Shaquille O’Neal Says Kobe Bryant Sacrificed Finals MVP for Lakers Titles


Shaquille O’Neal and Kobe Bryant are legendary figures in NBA history, especially for their dominant run with the Los Angeles Lakers from 2000 to 2002. During those years, the Lakers secured three consecutive NBA championships, a feat that remains etched in basketball lore. While O’Neal received much of the credit and deservedly won Finals MVP honors in all three championship runs, there was an intriguing dynamic at play—one that involved Kobe Bryant’s selflessness.

In a candid conversation on *The Draymond Green Show*, Shaquille O’Neal opened up about how Bryant willingly sacrificed individual accolades for the sake of team success.


“He (Bryant) sacrificed, he did,” O’Neal emphasized. “All those Finals where he helped me win a championship, he damn sure could have easily gotten Finals MVP, but that was our plan. ‘Big dog, you for the first three (quarters), and the fourth, I take over.'”



At the time, O’Neal was undoubtedly the alpha dog of the Lakers. However, Bryant was steadily emerging as a superstar in his own right. Despite this, both players understood that pursuing titles was more critical than individual glory. Head coach Phil Jackson devised a game plan that played to their strengths. O’Neal would dominate the first three quarters, imposing his will in the paint. Then, in the crucial fourth quarter, Bryant would take over, showcasing his scoring prowess.

The strategy was cleverly designed. In the NBA of that era, teams often employed the “Hack-a-Shaq” tactic in the fourth quarter, intentionally fouling O’Neal to send him to the free-throw line. By allowing Bryant to shine in the final period, the Lakers maximized their efficiency. Bryant accepted this role without protest, recognizing that it was a collective effort to secure championships.

Let’s take a closer look at the numbers from those championship runs:

2000 NBA Finals vs. Indiana Pacers
– Shaquille O’Neal: 38.0 points, 16.7 rebounds, 2.3 assists, 1.0 steals, 2.7 blocks per game
– Kobe Bryant: 15.6 points, 4.6 rebounds, 4.2 assists, 1.0 steals, 1.4 blocks per game

2001 NBA Finals vs. Philadelphia 76ers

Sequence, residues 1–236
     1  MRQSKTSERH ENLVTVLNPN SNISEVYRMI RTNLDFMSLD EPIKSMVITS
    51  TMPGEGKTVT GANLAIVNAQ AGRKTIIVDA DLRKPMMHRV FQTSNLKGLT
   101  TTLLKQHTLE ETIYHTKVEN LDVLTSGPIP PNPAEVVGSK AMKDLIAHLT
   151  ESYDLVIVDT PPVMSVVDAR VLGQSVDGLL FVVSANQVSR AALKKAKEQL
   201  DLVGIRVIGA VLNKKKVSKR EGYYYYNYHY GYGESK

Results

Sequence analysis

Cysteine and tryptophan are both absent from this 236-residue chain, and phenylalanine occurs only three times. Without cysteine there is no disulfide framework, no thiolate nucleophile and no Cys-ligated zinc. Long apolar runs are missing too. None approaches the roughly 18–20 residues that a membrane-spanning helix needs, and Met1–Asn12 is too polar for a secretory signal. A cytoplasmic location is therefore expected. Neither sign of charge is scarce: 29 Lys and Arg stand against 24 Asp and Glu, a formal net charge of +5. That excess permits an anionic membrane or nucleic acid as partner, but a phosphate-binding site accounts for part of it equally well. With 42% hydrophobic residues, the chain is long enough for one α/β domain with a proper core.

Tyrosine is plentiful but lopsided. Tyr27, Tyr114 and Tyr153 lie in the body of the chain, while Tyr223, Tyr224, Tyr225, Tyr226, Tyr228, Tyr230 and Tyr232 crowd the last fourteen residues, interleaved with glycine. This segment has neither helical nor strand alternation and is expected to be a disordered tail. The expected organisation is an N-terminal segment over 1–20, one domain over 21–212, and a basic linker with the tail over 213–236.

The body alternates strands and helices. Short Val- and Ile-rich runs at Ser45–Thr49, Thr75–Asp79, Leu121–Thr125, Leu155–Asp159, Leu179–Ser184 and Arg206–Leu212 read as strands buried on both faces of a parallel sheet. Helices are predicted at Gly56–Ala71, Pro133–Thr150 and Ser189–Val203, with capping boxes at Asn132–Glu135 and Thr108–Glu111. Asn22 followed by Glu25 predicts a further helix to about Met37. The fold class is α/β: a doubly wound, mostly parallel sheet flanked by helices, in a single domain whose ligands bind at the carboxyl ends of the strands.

– Shaquille O’Neal: 33.0 points, 15.8 rebounds, 4.8 assists, 0.4 steals, 3.4 blocks per game
– Kobe Bryant: 24.6 points, 7.8 rebounds, 5.8 assists, 1.4 steals, 1.4 blocks per game

2002 NBA Finals vs. New Jersey Nets
– Shaquille O’Neal: 36.3 points, 12.3 rebounds, 3.8 assists, 0.5 steals, 2.8 blocks per game
– Kobe Bryant: 26.8 points, 5.8 rebounds, 5.3 assists, 1.5 steals, 0.8 blocks per game

Notably, Bryant had favorable matchups against the San Antonio Spurs during those title runs, allowing him to put up impressive scoring numbers. However, in the NBA Finals, O’Neal faced opponents like the Indiana Pacers and the New Jersey Nets, where his dominance was crucial. The offense revolved around O’Neal early in games, setting the stage for Bryant’s late-game heroics.

Shaquille O’Neal also shared a memorable moment from their first championship in Indiana. After O’Neal fouled out, he looked at Bryant, realizing that the outcome rested on his shoulders. Bryant’s killer mentality kicked in, and he delivered an incredible performance down the stretch. O’Neal knew then that they were destined to win their first title.

In retrospect, Bryant’s sacrifice for team success elevated their legacy. While he could have easily claimed Finals MVP honors, he prioritized winning championships over personal accolades. The Lakers’ three-peat remains a testament to their collective greatness, with both O’Neal and Bryant playing pivotal roles in shaping NBA history.

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